Best health care plan for one person sole proprietorship?


A

Alan Meyer

Hello,

I have a sole proprietorship to do computer consulting. I was in
business for decades as a Subchapter S corporation but, for various
reasons, I'm converting to a sole proprietorship.

I'm wondering if there is a good way for me to provide some tax
advantaged health care coverage for myself and my wife.

Here are some of the relevant facts about our situation:

- There is only one employee, me. I've never employed anyone else and
don't intend to for the future.

- I am 66 years old and my wife is 65. We are both covered by Medicare,
which we get through the Kaiser Permanente "Medicare Plus" plan (we've
been with Kaiser for 28 years and didn't want to change) however we
still have to pay Medicare premiums and copays. The total will likely
be between $4,000 and $5,000 for the two of us for next year.

- We live in Maryland and earn our income there.

- I don't know how many years I'll be working. It's a young person's
game. Most of the people I work with are younger than my children. I
fully expect that, one day, the clients will drag me out by the feet and
tell me not to come back. But until then I intend to keep plugging
away. My wife has a very stable counseling business where age is seen
as something of a plus and she'll probably be working longer than me.
So we could use her sole proprietor business as the source for our
health coverage.


I looked at maybe using a Health Savings Account but, according to an
IRS web page I saw, it cannot be used if I'm on Medicare.

Then I looked at a Health Reimbursements Arrangement. It appears that I
might be able to do that if I make my wife the sole owner of the company
and myself an employee. But some states apparently require a minimum of
two employees (I don't know what Maryland requires yet), and I worry
about whether an arrangement like this would be seen as some kind of tax
fraud by the government.

Then there are "Medical Savings Accounts" and "Flexible Spending
Arrangements". I haven't researched them yet.

At this point I'm thinking that someone else, more expert than I am, has
thought about all of this and knows just what is the best thing to do.
So here I am, inquiring.

Does anyone have any suggestions?

Thank you very much.

Alan
 
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D

D. Stussy

"Alan Meyer" wrote in message
Hello,

I have a sole proprietorship to do computer consulting. I was in
business for decades as a Subchapter S corporation but, for various
reasons, I'm converting to a sole proprietorship.

I'm wondering if there is a good way for me to provide some tax
advantaged health care coverage for myself and my wife.

Here are some of the relevant facts about our situation:

- There is only one employee, me. I've never employed anyone else and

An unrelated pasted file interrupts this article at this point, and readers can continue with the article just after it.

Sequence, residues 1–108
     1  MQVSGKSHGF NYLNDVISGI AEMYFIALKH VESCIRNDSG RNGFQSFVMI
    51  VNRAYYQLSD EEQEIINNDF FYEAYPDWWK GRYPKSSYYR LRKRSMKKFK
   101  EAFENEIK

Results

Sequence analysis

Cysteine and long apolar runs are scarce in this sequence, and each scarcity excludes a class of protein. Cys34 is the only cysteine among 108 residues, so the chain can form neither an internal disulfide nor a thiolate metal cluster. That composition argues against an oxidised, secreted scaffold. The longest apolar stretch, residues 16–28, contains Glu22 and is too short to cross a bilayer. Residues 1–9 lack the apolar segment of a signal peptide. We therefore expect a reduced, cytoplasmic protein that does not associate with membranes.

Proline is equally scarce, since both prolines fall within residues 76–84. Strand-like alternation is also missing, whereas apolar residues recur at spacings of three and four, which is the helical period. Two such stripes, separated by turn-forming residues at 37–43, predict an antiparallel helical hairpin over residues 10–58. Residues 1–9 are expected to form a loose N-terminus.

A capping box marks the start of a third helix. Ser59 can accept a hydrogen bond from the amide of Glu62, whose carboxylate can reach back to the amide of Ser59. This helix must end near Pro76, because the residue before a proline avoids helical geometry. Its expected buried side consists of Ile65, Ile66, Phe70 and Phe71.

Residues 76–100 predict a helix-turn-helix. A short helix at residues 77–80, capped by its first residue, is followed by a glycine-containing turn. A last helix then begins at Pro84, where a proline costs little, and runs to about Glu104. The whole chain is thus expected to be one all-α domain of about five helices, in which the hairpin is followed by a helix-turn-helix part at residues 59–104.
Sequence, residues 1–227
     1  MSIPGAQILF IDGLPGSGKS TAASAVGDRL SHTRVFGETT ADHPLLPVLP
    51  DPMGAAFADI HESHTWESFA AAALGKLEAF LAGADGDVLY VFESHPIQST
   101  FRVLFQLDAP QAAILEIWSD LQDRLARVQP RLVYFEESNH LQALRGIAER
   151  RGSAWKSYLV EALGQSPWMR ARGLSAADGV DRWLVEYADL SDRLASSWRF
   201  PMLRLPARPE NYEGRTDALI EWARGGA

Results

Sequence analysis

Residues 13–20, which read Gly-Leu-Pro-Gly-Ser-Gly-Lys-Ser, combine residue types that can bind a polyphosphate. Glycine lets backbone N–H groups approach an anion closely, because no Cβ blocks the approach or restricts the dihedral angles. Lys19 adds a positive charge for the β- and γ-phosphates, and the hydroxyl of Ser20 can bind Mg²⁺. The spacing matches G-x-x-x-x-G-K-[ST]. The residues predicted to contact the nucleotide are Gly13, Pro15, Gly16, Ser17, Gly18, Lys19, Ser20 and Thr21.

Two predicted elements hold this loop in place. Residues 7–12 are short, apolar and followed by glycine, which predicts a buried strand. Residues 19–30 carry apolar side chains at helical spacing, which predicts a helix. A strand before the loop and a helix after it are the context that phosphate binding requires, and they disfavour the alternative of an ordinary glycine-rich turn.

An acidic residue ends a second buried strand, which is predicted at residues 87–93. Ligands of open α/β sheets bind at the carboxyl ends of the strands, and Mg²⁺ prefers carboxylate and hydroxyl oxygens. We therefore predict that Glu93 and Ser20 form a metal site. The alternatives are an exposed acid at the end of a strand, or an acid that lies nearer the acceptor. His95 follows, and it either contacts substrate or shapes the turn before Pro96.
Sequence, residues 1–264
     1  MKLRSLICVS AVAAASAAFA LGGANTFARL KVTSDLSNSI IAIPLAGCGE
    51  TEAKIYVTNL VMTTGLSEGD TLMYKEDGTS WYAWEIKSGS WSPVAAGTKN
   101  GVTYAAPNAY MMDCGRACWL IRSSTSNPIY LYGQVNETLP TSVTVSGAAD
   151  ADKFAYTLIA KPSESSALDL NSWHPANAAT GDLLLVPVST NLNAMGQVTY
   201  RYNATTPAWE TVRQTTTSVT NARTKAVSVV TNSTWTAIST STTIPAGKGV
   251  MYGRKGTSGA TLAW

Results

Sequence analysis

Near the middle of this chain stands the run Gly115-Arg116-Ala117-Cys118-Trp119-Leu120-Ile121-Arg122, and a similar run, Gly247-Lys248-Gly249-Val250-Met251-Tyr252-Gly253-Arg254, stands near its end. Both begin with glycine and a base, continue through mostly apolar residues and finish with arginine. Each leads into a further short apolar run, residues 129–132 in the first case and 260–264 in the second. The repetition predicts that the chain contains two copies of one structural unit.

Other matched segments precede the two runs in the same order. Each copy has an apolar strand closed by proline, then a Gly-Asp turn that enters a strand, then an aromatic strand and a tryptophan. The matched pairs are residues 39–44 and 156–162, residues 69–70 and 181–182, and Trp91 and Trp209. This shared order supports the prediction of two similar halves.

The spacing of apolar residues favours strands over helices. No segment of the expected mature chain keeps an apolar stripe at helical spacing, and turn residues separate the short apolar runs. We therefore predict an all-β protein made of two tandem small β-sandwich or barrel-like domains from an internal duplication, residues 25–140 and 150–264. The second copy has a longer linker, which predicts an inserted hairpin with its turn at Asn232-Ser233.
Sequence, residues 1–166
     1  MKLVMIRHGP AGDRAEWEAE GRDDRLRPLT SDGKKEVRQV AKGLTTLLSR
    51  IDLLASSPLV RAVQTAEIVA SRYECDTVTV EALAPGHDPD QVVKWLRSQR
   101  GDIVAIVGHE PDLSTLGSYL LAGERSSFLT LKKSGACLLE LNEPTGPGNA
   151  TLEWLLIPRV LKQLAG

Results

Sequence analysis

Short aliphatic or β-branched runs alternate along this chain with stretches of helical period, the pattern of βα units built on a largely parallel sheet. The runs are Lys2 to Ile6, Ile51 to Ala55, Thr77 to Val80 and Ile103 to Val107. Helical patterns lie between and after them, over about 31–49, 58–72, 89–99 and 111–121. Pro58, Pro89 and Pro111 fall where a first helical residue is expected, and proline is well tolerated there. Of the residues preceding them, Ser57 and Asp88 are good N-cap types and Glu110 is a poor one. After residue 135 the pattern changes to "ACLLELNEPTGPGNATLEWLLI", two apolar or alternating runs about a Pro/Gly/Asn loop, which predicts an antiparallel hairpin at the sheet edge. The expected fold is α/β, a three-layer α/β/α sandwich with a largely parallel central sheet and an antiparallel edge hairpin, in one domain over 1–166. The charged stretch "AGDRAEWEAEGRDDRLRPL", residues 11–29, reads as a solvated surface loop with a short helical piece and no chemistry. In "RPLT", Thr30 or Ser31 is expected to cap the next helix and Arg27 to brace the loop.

don't intend to for the future.

- I am 66 years old and my wife is 65. We are both covered by Medicare,
which we get through the Kaiser Permanente "Medicare Plus" plan (we've
been with Kaiser for 28 years and didn't want to change) however we
still have to pay Medicare premiums and copays. The total will likely
be between $4,000 and $5,000 for the two of us for next year.

- We live in Maryland and earn our income there.

- I don't know how many years I'll be working. It's a young person's
game. Most of the people I work with are younger than my children. I
fully expect that, one day, the clients will drag me out by the feet and
tell me not to come back. But until then I intend to keep plugging
away. My wife has a very stable counseling business where age is seen
as something of a plus and she'll probably be working longer than me.
So we could use her sole proprietor business as the source for our
health coverage.


I looked at maybe using a Health Savings Account but, according to an
IRS web page I saw, it cannot be used if I'm on Medicare.

Then I looked at a Health Reimbursements Arrangement. It appears that I
might be able to do that if I make my wife the sole owner of the company
and myself an employee. But some states apparently require a minimum of
two employees (I don't know what Maryland requires yet), and I worry
about whether an arrangement like this would be seen as some kind of tax
fraud by the government.

Then there are "Medical Savings Accounts" and "Flexible Spending
Arrangements". I haven't researched them yet.

At this point I'm thinking that someone else, more expert than I am, has
thought about all of this and knows just what is the best thing to do.
So here I am, inquiring.

Does anyone have any suggestions?
===============

1) A health savings account cannot be contributed to when you're 65 or over,
but it can be used to pay medical expenses (including your basic medicare
premiums [Parts A-D], but not for a medicare supplemental policy). Archer MSAs
are closed.

2) Medicare qualifies as health insurance for the self-employed health
insurance deduction that is an adjustment to AGI (on the front of form 1040).
 
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A

Alan Meyer

Does anyone have any suggestions?
===============

1) A health savings account cannot be contributed to when you're 65 or
over, but it can be used to pay medical expenses (including your basic
medicare premiums [Parts A-D], but not for a medicare supplemental
policy). Archer MSAs are closed.

2) Medicare qualifies as health insurance for the self-employed health
insurance deduction that is an adjustment to AGI (on the front of form
1040).
Since I never established a health savings account, I take it that your
point 1 above means that I can't establish one now and put money in it,
and so it can't help me with the medicare premiums.

However your second point looks promising. I didn't realize that such a
deduction existed.

Thank you very much for the information and the reply.

Alan
 

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